'GoldenEye': THR's 1995 Review

GoldenEye - H - 1995
Two hours of well-executed thrills, high-tech mayhem and one-of-a-kind comedy.

On Nov. 17, 1995, Eon and MGM relaunched the 007 series in theaters with Pierce Brosnan as James Bond in GoldenEye. The film went on to earn $352 million globally and Brosnan reprised the role three more times. The Hollywood Reporter's original review is below.

Call him the Golden Guy. After last appearing in 1989's Licence to Kill, original author Ian Fleming's British secret agent James Bond took a much-needed hiatus from the movies. He's back in top form in the rousing post-Cold War spy adventure GoldenEye, which marks the successful Bond debut of Pierce Brosnan — the fifth actor to play licensed-to-kill 007 in producer Albert R. Broccoli's remarkable 17-film series.

Expectations are high and the United Artist release — produced by Michael Wilson and Barbara Broccoli (Albert's daughter) — should open strongly and generate brisk business through the holidays. With the international total sure to be outstanding, it looks like a smart move signing on Brosnan for three more installments.

With a dynamite opening reel that showcases the series renewed vigor, GoldenEye is two hours of well-executed thrills, high-tech mayhem and one-of-a-kind comedy. Violent, edgy, just a little bloodthirsty and teasingly sexy, director Martin Campbell's film offers top-drawer action sequences but gets bogged down periodically in the uninvolving machinations of secondary characters.

The most disappointing aspects of the film are the villains, Russian master criminals who look an awful lot like the old Soviet KGB and employ countless Red Army lookalikes, who are mowed down without complaining. While the combat scenes are returned to several times in the film, GoldenEye is ultimately concerned with Bond and his long-suffering Russian love interest (Izabella Scorupco) stopping the ruthless bands plot to steal billions of dollars by blacking out a major city using a secret orbital weapon (GoldenEye) that disrupts communications.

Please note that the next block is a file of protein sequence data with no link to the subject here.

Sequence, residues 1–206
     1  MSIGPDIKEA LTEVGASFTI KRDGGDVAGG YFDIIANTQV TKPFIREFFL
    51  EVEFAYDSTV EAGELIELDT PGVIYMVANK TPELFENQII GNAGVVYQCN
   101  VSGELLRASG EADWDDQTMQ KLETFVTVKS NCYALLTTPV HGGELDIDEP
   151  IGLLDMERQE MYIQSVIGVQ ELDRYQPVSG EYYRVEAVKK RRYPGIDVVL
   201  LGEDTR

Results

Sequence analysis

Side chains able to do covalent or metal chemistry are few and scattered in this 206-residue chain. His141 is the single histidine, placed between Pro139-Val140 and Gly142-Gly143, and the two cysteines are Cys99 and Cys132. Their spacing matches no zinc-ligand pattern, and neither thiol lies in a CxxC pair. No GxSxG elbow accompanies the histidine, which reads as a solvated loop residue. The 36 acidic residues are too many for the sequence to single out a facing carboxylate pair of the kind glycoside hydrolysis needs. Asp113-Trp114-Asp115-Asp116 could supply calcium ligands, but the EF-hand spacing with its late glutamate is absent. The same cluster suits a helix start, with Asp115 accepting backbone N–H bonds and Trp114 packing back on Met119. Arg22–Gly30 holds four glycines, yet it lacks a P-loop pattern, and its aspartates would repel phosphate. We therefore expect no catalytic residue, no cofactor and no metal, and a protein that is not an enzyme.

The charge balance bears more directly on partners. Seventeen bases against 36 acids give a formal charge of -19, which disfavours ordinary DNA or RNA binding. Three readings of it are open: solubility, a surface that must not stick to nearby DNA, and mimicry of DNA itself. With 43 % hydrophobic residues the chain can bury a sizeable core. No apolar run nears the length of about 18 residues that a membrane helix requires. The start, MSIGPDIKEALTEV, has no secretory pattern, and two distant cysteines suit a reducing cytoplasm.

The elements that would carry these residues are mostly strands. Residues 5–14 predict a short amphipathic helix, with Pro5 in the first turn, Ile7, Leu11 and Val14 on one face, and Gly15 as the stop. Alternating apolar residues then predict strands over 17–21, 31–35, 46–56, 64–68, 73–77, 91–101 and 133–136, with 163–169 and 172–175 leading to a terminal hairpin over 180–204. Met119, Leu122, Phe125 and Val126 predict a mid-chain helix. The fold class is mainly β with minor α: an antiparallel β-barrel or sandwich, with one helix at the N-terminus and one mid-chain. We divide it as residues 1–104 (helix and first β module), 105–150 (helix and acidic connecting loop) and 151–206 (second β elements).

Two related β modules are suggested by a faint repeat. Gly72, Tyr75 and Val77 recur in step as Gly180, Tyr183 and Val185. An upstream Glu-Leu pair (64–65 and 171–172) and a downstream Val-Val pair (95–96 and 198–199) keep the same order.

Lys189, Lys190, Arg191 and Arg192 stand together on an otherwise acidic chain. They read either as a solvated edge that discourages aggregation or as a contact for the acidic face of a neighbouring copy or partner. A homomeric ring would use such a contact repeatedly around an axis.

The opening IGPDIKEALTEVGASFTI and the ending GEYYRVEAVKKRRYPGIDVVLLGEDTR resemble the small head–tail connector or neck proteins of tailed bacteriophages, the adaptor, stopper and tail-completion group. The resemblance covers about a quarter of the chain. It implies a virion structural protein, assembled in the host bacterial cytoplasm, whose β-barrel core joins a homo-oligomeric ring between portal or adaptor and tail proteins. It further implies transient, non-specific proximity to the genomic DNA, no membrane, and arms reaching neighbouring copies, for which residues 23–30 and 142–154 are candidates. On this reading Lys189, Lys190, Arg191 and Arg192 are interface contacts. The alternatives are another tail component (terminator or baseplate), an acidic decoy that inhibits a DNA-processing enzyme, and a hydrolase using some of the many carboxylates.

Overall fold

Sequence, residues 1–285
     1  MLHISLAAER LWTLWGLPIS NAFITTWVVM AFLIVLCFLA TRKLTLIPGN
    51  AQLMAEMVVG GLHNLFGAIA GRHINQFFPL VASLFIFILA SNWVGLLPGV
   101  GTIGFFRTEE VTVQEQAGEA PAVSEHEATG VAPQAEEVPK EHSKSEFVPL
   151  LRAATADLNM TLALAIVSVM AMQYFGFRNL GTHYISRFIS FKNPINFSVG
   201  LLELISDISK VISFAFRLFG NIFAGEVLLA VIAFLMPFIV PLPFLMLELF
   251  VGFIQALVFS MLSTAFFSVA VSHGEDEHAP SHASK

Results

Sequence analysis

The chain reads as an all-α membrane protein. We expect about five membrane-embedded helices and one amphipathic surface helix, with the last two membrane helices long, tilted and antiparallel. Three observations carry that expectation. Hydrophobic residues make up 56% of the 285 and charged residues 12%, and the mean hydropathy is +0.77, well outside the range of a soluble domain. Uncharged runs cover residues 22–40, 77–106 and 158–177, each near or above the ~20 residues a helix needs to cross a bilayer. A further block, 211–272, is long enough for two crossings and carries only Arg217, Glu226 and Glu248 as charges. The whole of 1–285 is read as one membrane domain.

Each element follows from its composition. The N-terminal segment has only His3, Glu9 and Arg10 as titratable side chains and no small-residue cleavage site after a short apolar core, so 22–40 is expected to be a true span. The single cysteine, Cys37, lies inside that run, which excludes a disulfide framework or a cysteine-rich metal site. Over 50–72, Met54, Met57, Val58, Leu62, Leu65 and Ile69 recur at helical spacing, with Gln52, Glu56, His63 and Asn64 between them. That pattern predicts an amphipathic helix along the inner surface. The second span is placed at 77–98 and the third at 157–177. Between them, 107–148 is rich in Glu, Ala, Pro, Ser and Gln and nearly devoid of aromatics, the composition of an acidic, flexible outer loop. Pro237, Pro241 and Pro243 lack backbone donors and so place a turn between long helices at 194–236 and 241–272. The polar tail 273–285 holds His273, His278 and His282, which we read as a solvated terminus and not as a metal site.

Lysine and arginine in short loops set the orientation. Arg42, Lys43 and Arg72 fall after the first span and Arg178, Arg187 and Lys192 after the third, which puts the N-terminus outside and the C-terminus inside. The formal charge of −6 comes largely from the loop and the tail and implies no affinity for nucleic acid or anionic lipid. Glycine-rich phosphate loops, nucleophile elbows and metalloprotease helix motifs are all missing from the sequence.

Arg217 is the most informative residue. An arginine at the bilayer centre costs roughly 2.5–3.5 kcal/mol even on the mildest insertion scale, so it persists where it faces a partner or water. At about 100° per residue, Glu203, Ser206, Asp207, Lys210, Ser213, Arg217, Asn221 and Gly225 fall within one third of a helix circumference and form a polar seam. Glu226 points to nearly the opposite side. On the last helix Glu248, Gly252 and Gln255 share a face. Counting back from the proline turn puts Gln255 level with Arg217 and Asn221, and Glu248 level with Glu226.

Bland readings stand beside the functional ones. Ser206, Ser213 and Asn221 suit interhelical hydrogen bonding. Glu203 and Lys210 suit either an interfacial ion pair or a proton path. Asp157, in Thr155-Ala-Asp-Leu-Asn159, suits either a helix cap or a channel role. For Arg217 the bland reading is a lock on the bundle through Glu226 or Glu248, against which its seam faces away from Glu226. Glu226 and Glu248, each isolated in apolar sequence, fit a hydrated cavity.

After the hot opening credits sequence featuring Tina Turner's title track, the first few action set pieces are terrific. We see the effects of the satellite weapon against the Russian station where Scorupco's character is employed in a bang-up effects sequence, followed by Bond driving a tank through St. Petersburg (re-created in England), bashing through everything in his path.

Likewise crowd-pleasing is Famke Janssen as Xenia Onatopp, the Russian tigress who tries to kill and seduce Bond repeatedly. She's perversely energized by life-threatening situations and he's almost done in by her killer thighs. Generating much less heat in the good-girl role is Scorupco, although her bland character's computer prowess is crucial in the clinch.

Hopping from Monte Carlo to Cuba, the wide-ranging story has a few too many abrupt shifts, but the filmmakers intentions are serious. Screenwriters Jeffrey Caine and Bruce Feirstein even work in a highly personal angle to the story, giving Bond reason to question his career and loyalties in the aftermath of the Cold War, as well as providing an opponent that reflects the dark side of his own psyche.

There are many Bond traditions adhered to, including an hilarious visit with weapons-dispenser Q (Desmond Llewelyn), and several new elements tried out, such as the formidable Judi Dench as Bond's superior M. New and old fans will have fun with the self-centered charm of the film and lead character.

With Peter Lamont's ambitious sets covered from all conceivable angles by cinematographer Phil Meheux, the brawny widescreen production was filmed largely in Leavesden, England, at an old Rolls-Royce factory converted by the producers into a studio.

As expected, plenty of eye-catching locations are worked into the formula — from Puerto Rico and Monte Carlo to Russia and Switzerland. — David Hunter, originally published on Nov. 15, 1995